“The main thing is during treatment to have a very strong surveillance in terms of potential infectious problems,” he said. “We had a patient with sinusitis, with pneumonia. Outside our institution we had a patient with a bowel perforation and actually we had some patients that died at a different institution. We have treated about maybe 60 patients total and we have not had any single death or any patient with major complications. It is an immunosuppressive kind of treatment so it is something that is supposed to be monitored.”
While I do not know any further details about the patients who died outside UCSD, it is possible they were in the salvage category, and those folks are always at higher risk of complications and death no matter what treatment they receive.
But the moral of the story is to be careful if you decide to try R+HDMP at home, so to speak. The exclusion criteria for the 2004 study were published at CLL Topics and are worth a review here if you are considering this treatment. Castro noted that UCSD is concerned about diabetes and bone densities, and does testing for that. I have also recently read two different anecdotal reports on patient forums about vision problems.
Nothing is without risk in CLL therapy, of course, and taking intelligent precautions is the key to minimizing complications
A little bit pregnant
It turns out, in Castro’s estimation, that I am a good candidate for R+HDMP -- pretty healthy other than CLL, nothing that would meet the exclusion criteria I mentioned above. The treatment could net me a remission of 1 ½ to 2 years, he said. (Perhaps more if I were to follow it with Campath, as many of the 2004 patients did.)
But I can’t do the treatment in a trial at UCSD because I have had Rituxan in the past. This means that I am neither fish nor fowl -- neither chemo-naïve (though I am very close to being so) nor fludarabine- refractory. Every trial at UCSD, including those involving Humax CD 20 and R+AT-101 (Gossypol), is geared toward one or the other. I gather UCSD is not alone in the way these things are set up.
“You are going to have problems getting into a clinical study because you are in limbo,” Castro said. “You are not fully pretreated, you have been treated with something but not the best option available, so that is going to create a problem for enrollment in clinical studies.”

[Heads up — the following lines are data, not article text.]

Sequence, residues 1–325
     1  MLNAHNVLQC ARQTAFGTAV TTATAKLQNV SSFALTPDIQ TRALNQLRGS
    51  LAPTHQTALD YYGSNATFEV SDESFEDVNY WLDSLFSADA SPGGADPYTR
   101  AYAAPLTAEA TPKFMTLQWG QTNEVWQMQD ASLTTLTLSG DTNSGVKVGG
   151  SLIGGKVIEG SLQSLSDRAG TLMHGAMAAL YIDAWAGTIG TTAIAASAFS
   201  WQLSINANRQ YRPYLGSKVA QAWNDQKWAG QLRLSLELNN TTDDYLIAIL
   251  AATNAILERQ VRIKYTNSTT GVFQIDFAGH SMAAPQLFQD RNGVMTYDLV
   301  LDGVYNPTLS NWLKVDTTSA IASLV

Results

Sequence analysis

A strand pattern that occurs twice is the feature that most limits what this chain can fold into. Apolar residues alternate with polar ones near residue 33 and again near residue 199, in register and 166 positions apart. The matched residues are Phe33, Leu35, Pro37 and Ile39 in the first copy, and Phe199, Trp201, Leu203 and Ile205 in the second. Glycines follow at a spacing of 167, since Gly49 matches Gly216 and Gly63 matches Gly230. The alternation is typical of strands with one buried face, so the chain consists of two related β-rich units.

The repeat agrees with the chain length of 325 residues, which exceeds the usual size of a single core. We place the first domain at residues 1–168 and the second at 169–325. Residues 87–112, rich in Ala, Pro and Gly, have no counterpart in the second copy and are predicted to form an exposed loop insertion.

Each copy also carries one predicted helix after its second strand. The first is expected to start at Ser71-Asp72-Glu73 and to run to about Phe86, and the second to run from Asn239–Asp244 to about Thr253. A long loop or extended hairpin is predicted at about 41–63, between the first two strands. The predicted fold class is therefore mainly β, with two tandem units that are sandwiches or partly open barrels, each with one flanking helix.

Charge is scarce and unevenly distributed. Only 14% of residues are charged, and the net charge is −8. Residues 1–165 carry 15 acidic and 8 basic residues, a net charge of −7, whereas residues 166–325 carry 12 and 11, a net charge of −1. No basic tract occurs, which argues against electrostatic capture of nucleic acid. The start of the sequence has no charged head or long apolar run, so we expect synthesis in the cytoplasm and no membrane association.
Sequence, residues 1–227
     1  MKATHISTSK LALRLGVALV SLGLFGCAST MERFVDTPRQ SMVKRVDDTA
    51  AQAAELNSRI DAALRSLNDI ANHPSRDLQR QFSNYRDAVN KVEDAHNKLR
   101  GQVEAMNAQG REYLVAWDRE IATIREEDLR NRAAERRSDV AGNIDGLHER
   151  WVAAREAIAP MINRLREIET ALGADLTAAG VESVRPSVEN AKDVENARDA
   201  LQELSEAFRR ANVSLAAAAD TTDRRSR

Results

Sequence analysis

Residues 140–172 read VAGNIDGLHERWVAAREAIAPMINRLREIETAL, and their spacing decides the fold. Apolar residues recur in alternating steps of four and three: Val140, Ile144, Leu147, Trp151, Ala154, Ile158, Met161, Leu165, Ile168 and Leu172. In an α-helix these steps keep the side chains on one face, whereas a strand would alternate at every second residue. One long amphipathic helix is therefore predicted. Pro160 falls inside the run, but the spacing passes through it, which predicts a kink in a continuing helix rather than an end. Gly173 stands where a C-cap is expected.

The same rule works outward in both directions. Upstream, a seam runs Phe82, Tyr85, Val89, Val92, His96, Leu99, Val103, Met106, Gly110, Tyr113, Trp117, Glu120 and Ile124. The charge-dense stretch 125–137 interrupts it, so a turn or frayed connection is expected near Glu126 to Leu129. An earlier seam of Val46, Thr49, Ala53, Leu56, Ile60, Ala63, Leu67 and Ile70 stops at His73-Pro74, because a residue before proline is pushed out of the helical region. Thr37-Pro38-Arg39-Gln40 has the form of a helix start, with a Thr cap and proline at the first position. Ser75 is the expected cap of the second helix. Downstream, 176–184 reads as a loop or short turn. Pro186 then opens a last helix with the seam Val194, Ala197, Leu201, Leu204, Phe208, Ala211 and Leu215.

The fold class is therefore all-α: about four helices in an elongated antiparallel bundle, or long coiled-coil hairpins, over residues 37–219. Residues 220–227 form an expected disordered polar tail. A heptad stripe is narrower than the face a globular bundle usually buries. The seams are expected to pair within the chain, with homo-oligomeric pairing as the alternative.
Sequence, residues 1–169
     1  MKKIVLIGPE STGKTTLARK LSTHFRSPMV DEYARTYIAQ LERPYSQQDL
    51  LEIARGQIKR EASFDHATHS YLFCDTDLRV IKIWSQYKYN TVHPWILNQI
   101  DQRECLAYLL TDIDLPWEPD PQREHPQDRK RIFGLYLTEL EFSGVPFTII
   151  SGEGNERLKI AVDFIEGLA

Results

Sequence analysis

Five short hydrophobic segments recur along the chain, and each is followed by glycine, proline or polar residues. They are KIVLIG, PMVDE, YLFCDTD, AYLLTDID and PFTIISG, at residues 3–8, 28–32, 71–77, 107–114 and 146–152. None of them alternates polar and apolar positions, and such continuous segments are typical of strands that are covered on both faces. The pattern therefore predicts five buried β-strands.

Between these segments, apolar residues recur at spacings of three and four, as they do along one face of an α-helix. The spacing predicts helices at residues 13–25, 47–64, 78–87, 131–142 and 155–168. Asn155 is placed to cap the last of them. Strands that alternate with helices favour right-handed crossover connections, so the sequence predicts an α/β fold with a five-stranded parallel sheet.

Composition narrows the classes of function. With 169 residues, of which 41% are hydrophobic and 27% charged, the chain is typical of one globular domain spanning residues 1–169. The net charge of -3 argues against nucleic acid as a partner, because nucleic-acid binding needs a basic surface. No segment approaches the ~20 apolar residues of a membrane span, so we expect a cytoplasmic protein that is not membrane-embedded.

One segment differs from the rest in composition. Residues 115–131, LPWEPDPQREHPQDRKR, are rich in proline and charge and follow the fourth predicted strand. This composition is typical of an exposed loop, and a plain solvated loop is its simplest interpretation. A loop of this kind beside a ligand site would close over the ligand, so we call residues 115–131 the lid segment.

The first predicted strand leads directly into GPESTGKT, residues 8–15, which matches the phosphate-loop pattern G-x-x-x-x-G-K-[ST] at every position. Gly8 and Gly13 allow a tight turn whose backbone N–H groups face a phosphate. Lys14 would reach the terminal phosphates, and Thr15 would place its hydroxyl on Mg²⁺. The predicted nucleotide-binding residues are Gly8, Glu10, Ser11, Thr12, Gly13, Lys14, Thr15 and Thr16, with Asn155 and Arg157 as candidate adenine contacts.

Another possibility is to do the protocol outside the trial setting. While it can be done anywhere by downloading the information off the internet, Castro strongly advised that it be done at UCSD, where they are experienced with it.
Were I to do it -- and it is one of the top contenders as far as I am concerned -- I would prefer to do it at UCSD. Convincing my insurance to pay for an out-of-state treatment is another matter.
What I took away from my visit, aside from some photos of the beach at La Jolla that accompany this post, was the following:
In the USA there are certain hurdles on the track of treatment. The FDA has approved three drugs for CLL: chlorambucil, fludarabine, and Campath.
Chlorambucil is dismissed by most of the experts here -- though not in the UK and some other places -- and therefore fludarabine is at the center of standard, formal treatment. Clinical trials are geared largely to those who have had no treatment, or who have failed the standard treatment. Those of us who spend a lot of time on the internet, and who read about the interesting approaches discussed in such places as CLL Topics and Dr. Terry Hamblin's blog, tend to forget that in the real world, it’s still fludarabine, fludarabine, fludarabine.
But there is also a growing sense that the drug is problematic (except, perhaps, at MD Anderson, which seems almost religious in its devotion at times). This wondering aloud can be found in the writings of Byrd, and in the remarks of Castro.
Castro said my concerns about fludarabine “are part of investigational issues at this point.”